The retreat in German yields ripples far and wide, particularly across the Atlantic where the US Treasury market is feeling some heat from a combination of annual core inflation at a cycle high of 2.4 per cent, an economy tracking near-trend growth of around 2 per cent while consumers are holding the line for now, as highlighted by Friday's read on retail sales for August.

How much further bond yields rise from here is clearly an important issue. The mood in fixed income is that a correction makes sense after such a stunning rally during the summer. Beyond that, a substantive change from the low-yield trend is not on the cards.

Chris Iggo at Axa IM explains:

“A real reversal requires the economic data to look better, inflation to pick-up, confidence to be improved by a US-China trade deal, and a resolution to Brexit and some signs that fiscal policy is going to respond to the demands of the ECB. That is a tall order.”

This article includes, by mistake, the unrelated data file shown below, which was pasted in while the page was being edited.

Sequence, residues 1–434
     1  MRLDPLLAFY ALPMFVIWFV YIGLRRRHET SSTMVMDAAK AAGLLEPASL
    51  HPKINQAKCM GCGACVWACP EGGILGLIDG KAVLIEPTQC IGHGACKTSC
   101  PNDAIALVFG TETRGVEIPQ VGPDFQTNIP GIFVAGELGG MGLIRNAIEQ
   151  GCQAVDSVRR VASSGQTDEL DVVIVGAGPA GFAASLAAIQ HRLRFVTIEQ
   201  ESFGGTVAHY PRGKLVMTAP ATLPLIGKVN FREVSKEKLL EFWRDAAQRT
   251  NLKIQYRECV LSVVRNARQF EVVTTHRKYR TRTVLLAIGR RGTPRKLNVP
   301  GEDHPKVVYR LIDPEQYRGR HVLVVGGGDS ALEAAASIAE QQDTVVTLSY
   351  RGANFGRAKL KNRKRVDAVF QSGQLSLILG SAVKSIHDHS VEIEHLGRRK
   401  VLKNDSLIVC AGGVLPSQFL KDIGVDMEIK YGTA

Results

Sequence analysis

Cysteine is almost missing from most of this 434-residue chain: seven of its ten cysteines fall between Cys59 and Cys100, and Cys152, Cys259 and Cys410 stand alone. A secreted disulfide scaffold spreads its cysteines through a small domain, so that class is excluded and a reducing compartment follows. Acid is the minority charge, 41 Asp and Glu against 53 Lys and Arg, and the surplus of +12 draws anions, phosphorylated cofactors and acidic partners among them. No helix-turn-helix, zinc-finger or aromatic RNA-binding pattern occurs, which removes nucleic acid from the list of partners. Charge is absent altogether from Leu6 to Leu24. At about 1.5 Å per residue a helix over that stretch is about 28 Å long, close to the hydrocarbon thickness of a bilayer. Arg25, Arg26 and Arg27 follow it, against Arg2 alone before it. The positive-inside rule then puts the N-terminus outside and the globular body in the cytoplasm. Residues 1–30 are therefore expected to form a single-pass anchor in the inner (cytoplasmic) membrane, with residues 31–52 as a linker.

Krishna Memani at Invesco expects a 10-year Treasury yield around 2 per cent by the end of the year and says “the move out of defensives and into cyclicals can continue for a bit but will eventually fade”.

He adds:

“Rates will remain low and, while policy is supportive, global growth will, at best, stabilise. Be wary of the market rotation talk and don’t let the talk of rotation or regime change sway you into making meaningful changes in your portfolio.”

As the rise in bond yields reverberates, it sets the stage for an interesting Federal Open Market Committee meeting next week.

There is a risk that an expected easing of 25 basis points (shifting fed funds to a range of 1.75 per cent to 2 per cent) is not accompanied by the FOMC signalling further cuts in spite of a futures market looking at a year-end level around 1.60 per cent.

Mark Dowding at BlueBay Asset Management observes:

“We expect a 25bp rate cut, but of more potential interest will be an assessment of whether the FOMC believes that further cuts will be needed in the months ahead.”

With the FTSE All-World equity index nearing its collection of peaks set during July and Wall Street looking at a fresh foray into record territory, investors will soon see whether prior highs remain a barrier or are surpassed. Certainly the money is flowing into risk assets, led by the US (see Quick Hits below), but it remains to be seen whether European equities finally attract sustained inflows.